Eating a Thanksgiving feast, while still maintaining healthy blood sugar levels, may seem challenging if you have diabetes, but it’s doable, experts say.
Nearly 40 million Americans deal with this issue every day, and not just for holiday meals.
To start: Don’t skip breakfast or try to save your calories and carbohydrates for later in the day. That can just make you hungrier and work against healthy eating later in the day, said experts at the MOLLY Diabetes Education and Management Center for Adults and Children, a part of Hackensack Meridian Health, in Maywood, N.J.
Instead, eat a healthy breakfast such as a frittata with lots of vegetables or Greek yogurt with nuts.
Here are more recommendations:
- For the holiday meal, think ahead about which foods you want most. Scan the entire table and decide what you’ll eat and what you won’t.
- A smaller plate can make your plate look fuller while saving some calories.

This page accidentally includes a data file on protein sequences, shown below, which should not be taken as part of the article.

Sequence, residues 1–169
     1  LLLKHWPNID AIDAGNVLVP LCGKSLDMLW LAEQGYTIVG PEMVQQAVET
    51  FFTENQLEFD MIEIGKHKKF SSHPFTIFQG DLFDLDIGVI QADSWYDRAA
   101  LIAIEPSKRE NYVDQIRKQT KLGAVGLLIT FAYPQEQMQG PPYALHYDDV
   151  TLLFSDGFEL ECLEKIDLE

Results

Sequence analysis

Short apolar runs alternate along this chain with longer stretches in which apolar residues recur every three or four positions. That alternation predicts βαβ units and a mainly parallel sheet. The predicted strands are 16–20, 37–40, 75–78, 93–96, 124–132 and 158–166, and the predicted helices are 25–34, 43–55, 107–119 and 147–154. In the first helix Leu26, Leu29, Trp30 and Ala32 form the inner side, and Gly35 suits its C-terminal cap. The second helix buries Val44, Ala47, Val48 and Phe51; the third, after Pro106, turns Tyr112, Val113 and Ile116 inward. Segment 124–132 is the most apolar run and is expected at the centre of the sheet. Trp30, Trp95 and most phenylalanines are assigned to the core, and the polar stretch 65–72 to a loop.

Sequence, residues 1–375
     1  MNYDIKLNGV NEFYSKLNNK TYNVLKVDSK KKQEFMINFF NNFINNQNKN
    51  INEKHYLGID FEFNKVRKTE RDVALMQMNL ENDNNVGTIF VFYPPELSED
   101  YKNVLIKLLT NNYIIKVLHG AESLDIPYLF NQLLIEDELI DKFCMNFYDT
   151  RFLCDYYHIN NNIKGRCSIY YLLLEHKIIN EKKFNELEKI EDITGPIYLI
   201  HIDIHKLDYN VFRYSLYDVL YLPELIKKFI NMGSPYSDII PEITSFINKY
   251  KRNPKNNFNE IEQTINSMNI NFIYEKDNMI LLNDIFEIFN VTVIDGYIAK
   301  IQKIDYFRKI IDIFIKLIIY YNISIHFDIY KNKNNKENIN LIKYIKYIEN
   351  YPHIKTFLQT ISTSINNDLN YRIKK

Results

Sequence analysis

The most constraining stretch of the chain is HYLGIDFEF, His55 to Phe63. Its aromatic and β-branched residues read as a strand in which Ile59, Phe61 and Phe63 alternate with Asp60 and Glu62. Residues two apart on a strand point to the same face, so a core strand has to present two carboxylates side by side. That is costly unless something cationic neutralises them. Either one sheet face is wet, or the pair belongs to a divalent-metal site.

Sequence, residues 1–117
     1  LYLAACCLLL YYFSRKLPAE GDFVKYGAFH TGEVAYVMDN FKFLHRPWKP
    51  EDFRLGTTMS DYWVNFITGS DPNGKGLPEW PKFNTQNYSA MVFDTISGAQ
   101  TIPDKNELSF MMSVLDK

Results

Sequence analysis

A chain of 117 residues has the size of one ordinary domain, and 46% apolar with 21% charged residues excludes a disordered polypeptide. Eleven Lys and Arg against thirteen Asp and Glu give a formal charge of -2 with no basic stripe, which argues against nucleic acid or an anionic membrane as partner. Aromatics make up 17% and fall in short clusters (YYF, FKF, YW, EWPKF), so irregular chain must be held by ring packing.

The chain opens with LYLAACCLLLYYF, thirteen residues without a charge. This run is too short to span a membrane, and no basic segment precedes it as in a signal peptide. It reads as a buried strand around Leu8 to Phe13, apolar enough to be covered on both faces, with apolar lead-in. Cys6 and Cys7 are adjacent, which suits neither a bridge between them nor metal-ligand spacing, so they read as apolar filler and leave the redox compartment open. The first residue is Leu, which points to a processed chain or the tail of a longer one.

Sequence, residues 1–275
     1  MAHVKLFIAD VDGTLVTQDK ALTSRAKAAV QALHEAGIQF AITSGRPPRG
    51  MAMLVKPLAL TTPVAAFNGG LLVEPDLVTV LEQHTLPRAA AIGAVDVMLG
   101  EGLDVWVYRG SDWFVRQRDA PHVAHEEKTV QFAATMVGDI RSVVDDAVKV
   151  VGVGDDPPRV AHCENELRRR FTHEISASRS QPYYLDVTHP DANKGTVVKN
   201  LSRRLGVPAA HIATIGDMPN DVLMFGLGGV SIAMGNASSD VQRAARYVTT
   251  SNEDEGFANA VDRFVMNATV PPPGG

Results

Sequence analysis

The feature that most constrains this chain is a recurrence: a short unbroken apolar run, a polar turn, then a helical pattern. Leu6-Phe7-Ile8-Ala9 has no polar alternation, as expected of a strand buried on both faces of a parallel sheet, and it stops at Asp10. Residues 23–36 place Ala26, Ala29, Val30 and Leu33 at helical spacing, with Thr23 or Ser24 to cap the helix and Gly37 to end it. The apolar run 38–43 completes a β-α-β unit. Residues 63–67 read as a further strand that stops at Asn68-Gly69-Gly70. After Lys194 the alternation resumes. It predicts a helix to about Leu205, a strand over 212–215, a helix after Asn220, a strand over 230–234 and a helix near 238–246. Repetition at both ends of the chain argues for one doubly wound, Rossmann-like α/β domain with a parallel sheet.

- Protein—in this case, turkey—will get you fuller faster. Not only does that have less impact on your blood sugar, but it can lower your carbohydrate cravings. Avoid fried turkey or adding butter.
- Fill up on non-starchy veggies, such as asparagus, brussels sprouts, cauliflower and celery, and skip dips and gravies.
- Drinking water, tea or seltzer instead of sugar-laden drinks can help you stay on track.
- It’s OK to have a small portion of your favorite dessert—just eat slowly and enjoy it.
The American Diabetes Association’s Diabetes Food Hub has more tips for Thanksgiving eating.
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Tips to navigating Thanksgiving dinner if you have diabetes (2022, November 22)
retrieved 22 November 2022
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